17 Effect of Grain Corn Yield on ROE and Cost of Stover in a Supply Co-op

18 Sensitivity Analysis: Corn Stover Supply Chain Costs (From Glenn Farris AGCO) Top 4 highest supply chain cost influencer related to baling operation 10 out of 15 top supply chain cost influencers related to feedstock supply operations (i.e., Production-specific parameters) decrease by ~$22/std. Mg increase by ~$29/std. Mg Bale density alone can decrease supply chain cost by ~$8/std. Mg Bale density alone can increase supply chain cost by ~$9/std. Mg

19 Effect of Harvest Activities on ROE and Cost of Stover in a Supply Co-op

20 Stover Supply Compared to a Bioprocessing Co-op The Bioprocessing Co-op now sets the ROI at 15% Calculations are done now to maintain producer/investor ROI The price paid for stover is now calculated out to meet the ROI

21 Financial Model for Bioprocessing Co-op General ParametersValue Plant biomass capacity (tonnes/year)250,000 Unit capacity cost ($/tonne/year)$ Debt to equity ratio1.00 Interest rate (%)5.00% Loan repayment period (years)10.00 Price of cellulosic sugar ($/tonne)$ Price of lignin coproductsproducts ($/tonne)$40.00 Cost of corn stover ($/tonne)$ Production and RevenueValue Cellulosic sugar production (tonnes/year)115,000 Lignin coproduct production (tonnes/year)90,000 Cellulosic sugar revenue ($ million/year)$46.00 Lingin revenue ($ million/year)$3.60 Total revenue ($ million/year)$49.60 Cost ItemsValue Operating costs Corn stover cost (M $/yr)$27.63 Operating costs (M $/yr)$10.00 Financing costs Total capital cost (M $)$70.00 Initial loan (M $)$35.00 Initial equity (M $)$35.00 Interest (M $/year)$1.03 Loan repayment (M $/yr)$3.50 Sub-total financing costs (M $/yr)$4.53 Net income (M $/yr)$7.44 Income tax (M $/yr)$2.19 Return on equity (%)15.00 %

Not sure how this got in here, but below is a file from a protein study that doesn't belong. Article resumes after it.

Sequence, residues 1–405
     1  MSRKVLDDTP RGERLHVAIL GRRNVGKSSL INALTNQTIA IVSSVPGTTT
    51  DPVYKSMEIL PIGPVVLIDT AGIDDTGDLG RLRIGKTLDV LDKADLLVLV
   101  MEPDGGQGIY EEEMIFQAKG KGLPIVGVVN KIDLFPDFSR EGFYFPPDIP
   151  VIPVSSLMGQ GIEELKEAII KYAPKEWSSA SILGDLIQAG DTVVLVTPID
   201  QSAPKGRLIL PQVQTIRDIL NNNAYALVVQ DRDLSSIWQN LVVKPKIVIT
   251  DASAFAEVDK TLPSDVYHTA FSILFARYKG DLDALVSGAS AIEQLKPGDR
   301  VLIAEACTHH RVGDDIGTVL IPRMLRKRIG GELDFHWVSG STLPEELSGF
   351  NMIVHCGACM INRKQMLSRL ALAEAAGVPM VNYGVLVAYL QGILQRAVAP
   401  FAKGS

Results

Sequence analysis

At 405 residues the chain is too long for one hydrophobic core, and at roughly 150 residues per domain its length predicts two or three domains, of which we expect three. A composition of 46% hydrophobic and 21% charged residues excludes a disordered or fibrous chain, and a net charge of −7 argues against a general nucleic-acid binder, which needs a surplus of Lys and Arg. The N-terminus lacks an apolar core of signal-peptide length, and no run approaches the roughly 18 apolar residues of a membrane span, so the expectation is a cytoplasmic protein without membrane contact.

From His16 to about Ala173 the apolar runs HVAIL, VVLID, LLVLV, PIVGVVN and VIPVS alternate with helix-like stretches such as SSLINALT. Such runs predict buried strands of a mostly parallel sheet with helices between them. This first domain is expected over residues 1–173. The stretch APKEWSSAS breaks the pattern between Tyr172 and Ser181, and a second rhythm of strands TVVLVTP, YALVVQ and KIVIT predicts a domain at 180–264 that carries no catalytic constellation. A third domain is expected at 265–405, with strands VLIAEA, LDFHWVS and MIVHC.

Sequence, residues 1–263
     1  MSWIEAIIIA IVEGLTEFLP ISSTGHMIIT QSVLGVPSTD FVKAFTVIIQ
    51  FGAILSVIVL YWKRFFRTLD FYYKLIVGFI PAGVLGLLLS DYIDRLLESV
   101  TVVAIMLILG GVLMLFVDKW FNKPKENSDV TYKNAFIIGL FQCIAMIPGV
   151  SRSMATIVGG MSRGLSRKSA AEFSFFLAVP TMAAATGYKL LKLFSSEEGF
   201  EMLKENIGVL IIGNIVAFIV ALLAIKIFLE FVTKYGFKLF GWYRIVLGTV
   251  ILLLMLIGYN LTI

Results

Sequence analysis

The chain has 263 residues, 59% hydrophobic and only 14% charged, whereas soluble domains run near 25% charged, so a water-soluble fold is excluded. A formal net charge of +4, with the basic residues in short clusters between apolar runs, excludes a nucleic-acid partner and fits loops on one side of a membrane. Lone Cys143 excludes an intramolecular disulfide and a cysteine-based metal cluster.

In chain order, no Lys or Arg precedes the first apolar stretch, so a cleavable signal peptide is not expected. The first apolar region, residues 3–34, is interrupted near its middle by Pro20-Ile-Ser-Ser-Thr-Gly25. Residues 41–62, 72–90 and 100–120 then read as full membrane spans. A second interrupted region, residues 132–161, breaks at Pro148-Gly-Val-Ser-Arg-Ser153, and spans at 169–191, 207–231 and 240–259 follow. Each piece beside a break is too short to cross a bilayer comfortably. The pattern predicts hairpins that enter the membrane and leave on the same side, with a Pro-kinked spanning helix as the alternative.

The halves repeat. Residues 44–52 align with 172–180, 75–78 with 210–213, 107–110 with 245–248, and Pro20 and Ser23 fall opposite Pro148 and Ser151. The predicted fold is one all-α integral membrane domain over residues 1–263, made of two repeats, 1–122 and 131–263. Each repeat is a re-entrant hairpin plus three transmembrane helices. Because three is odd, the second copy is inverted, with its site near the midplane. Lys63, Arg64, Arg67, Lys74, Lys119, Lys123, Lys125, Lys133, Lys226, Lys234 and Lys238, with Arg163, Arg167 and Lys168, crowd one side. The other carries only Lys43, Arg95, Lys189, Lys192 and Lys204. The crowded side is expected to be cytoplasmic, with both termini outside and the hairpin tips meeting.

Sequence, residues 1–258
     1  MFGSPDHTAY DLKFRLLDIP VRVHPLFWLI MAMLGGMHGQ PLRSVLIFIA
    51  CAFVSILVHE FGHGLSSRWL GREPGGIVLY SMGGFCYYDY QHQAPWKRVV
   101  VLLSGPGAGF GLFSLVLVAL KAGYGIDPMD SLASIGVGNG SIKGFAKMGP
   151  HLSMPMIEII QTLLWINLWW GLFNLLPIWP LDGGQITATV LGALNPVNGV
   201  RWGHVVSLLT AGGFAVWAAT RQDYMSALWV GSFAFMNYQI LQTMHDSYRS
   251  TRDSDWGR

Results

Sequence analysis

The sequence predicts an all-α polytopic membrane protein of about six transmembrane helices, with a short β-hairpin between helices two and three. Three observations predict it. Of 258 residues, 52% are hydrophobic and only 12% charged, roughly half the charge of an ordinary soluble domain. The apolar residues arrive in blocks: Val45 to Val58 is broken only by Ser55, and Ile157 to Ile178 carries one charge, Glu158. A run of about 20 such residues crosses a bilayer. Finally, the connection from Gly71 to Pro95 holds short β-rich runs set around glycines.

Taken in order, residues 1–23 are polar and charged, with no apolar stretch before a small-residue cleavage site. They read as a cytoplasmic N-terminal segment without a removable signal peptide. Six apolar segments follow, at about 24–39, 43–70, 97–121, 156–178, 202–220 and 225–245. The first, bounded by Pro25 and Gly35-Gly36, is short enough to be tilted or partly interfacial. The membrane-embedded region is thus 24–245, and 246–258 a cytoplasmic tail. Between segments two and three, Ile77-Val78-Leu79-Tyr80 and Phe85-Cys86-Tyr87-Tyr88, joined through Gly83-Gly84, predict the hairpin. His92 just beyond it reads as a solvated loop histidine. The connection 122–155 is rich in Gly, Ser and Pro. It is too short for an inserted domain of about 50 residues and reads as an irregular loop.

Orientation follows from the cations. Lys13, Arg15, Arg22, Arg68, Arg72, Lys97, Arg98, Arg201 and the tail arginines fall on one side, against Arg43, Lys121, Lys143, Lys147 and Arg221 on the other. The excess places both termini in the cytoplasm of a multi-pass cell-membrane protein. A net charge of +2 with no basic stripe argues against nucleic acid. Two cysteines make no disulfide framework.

22 Effect of Sugar Price on Cost of Stover in a Bioprocessing Co-op

23 Effect of Sugar Yield on Cost of Stover in a Bioprocessing Co-op

24 80% of Ontario soybeans and corn within 200km Can we do it? Can we do it? Sarnia BioHybrid Cluster Bio/Renewable Based BioAmber Cargill Enbridge Greenfield Ethanol Methes Energy KmX Solutions4CO2 Suncor Ethanol Woodland Biofuels Fossil Based Air Products BP Energy CF Industries DuPont Ethyl Corporation Exxon-Mobil LANXESS NOVA Chemicals Ontario Power Generation Pembina Praxair Royal Dutch Shell Styrolution Suncor Energy TransAlta Energy 24 Sandy Marshall "Based on the first term of funding it is evident that BIC is becoming an organization that will create a legacy for Canada in the bioindustrial and bioinnovation sectors." Mayor Mike Bradley Sarnia, Ontario

25 Development of a Business Case for a Cornstalks to Bioprocessing Venture Agronomic benefits possible with corn stover removal Model of bioprocessing co-op helps to derisk project Need for a cellulosic sugar mill files/cornstalkreport-final.pdf

26 Summary The opportunity is here Companies are looking at Ontario Sugar from biomass is a new commodity and investment opportunity Supply to logistics means numerous regional locations will be needed with local economic impact /files/cornstalkreport-final.pdf

27 When Will We Reach Our Potential?